Furthermore, we summarized effects of exposure to music stimuli, MT and MBIs to describe findings regarding effectiveness. In the following, we discuss these effects, focusing on motivation and on findings regarding the four main themes identified in qualitative analyses. Additionally, only few studies have assessed outcomes related to substance use even though such outcomes are critical for treatment success. Thus, variables such as long-term sobriety need to be examined in future studies.

The healing power of music for stroke survivors

Despite this, based on your comment, we conducted an additional search in the PubMed database using the same search strategy listed in Appendix A. We limited the additional search to studies published until April 2021 to match our original search. This additional search returned 958 studies, but none of these studies met our inclusion criteria. We note that this manuscript is a systematic review or meta-analysis; our author guidelines therefore require that you use PRISMA guidance to help improve reporting quality of this type of study. Please upload copies of the completed PRISMA checklist as Supporting Information with a file name “PRISMA checklist”. Music is something that many people tend to take for granted, but in many ways music has a deep and significant impact on their lives. Music has a powerful effect on one’s soul and can exert great influence on one’s mood and emotions.

What Are Your Favorite Recovery Songs?

For motivation and enjoyment there were inconsistent results, and more than half of the studies of high level evidence of efficacy did not identify statistically significant improvement for MT/ MBI participants. For the effect of MT/ MBI on variables related to this cluster (motivation, treatment eagerness, change readiness), 10 results were collected, and eight of them (80%) represent high level evidence of efficacy. For Silverman [32,34] who examined different motivational constructs within the same samples only motivation scores were used. All studies except one reported all statistical data and only one included pilot data without a CG [15]. In 37.5% of studies of high level evidence of efficacy (3/8), i.e. 30% of all studies (3/10), beneficial effects of MT/ MBI were found. All RCTs except one [38] were conducted by Silverman [29,31–36], and they differed widely with respect to CG designs and scales, so a meta-analysis was not conducted.

Breaking the Habit was written by band member Mike Shinoda based on a close friend’s drug addiction, but brought lead singer Chester to tears. For the first year following its release, performing the song live was difficult for Chester, due to his own personal troubles with addiction. Not everything in this playlist is specifically about addiction, but recovery? They’re all about encouraging you to put one foot in front of the other and walk till you get past the tough time. Only one RCT assessed follow-up scores regarding depression, enjoyment, perceived effectiveness and being clean [31] and did not identify differences between group verbal therapy and MT groups one month after intervention completion. For an overview of the efficacy of MT/ MBI per outcome (cluster) in consideration of the quality of the studies see Fig 3.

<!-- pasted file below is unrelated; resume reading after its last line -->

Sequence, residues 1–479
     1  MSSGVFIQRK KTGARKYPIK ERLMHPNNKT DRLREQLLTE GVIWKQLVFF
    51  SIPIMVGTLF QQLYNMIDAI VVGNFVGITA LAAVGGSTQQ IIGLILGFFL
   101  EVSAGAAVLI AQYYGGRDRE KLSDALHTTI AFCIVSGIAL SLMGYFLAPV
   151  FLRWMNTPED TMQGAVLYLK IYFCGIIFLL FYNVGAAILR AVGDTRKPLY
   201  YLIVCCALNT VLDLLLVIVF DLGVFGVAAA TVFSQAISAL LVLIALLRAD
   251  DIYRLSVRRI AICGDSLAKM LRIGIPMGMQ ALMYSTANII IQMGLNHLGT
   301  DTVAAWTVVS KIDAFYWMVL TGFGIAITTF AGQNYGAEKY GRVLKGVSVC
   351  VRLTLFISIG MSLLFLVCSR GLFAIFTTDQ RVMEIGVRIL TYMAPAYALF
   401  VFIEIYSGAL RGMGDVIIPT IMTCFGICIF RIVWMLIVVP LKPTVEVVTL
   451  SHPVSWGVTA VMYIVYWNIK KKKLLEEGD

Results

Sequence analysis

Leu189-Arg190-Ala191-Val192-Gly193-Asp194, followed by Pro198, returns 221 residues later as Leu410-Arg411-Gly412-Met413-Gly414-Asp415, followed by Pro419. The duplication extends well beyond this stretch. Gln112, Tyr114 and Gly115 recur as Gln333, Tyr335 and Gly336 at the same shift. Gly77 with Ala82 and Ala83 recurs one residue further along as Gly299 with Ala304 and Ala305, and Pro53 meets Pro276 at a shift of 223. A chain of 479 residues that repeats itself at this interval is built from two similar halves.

How Music Can Help in the Recovery Process

Overall, the significant heterogeneity in our meta-analytic data set suggests that our moderator analyses should be interpreted with caution. Lack of motivation is a crucial problem in the treatment of SUD [73], and beneficial effects of MT and MBI on motivation were commonly described [74,75]. Music itself is motivating and empowering for many people and it has been suggested that engagement in music making may lead to enhanced internal change motivation [76]. High rates for on-task behavior and engagement reported in qualitative and quantitative studies included in this review support this assumption [55].

Additionally, guided meditations, progressive muscle relaxation techniques, and other relaxation practices help individuals with insomnia relax and reduce their stress levels, making it easier for them to fall (and stay) asleep. Poor sleep quality can lead to physical and mental health problems, like fatigue, irritability, and an increased risk of chronic health conditions. A stressful incident, like a battle in the military, sexual assault, or a natural disaster, can cause PTSD.

With respect to the age of the participants, four studies investigated adolescents only with mean ages/ age ranges between 15 and 17 years [20,42] or as a single case study with a 14-year old boy [40]. For the other studies, mean age varied from 34.4 years [16] up to 52.5 years [48]. Eleven studies [16,19,39,43,47,50,51,55,57,58,60] did not report any measure of central tendency regarding age.